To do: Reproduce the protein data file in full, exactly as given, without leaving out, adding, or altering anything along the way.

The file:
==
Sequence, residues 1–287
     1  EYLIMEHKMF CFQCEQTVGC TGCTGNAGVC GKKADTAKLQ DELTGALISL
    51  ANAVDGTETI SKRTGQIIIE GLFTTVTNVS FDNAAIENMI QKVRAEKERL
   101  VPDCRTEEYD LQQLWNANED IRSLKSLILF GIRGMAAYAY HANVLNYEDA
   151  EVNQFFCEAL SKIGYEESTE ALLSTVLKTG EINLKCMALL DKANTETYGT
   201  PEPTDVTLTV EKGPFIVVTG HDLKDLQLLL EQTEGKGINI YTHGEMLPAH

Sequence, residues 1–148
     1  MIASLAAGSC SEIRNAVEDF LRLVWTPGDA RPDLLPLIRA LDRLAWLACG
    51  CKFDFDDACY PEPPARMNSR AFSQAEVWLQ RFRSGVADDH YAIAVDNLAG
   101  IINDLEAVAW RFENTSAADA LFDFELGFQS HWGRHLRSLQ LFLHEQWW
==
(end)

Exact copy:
Sequence, residues 1–287
     1  EYLIMEHKMF CFQCEQTVGC TGCTGNAGVC GKKADTAKLQ DELTGALISL
    51  ANAVDGTETI SKRTGQIIIE GLFTTVTNVS FDNAAIENMI QKVRAEKERL
   101  VPDCRTEEYD LQQLWNANED IRSLKSLILF GIRGMAAYAY HANVLNYEDA
   151  EVNQFFCEAL SKIGYEESTE ALLSTVLKTG EINLKCMALL DKANTETYGT
   201  PEPTDVTLTV EKGPFIVVTG HDLKDLQLLL EQTEGKGINI YTHGEMLPAH

Sequence, residues 1–148
     1  MIASLAAGSC SEIRNAVEDF LRLVWTPGDA RPDLLPLIRA LDRLAWLACG
    51  CKFDFDDACY PEPPARMNSR AFSQAEVWLQ RFRSGVADDH YAIAVDNLAG
   101  IINDLEAVAW RFENTSAADA LFDFELGFQS HWGRHLRSLQ LFLHEQWW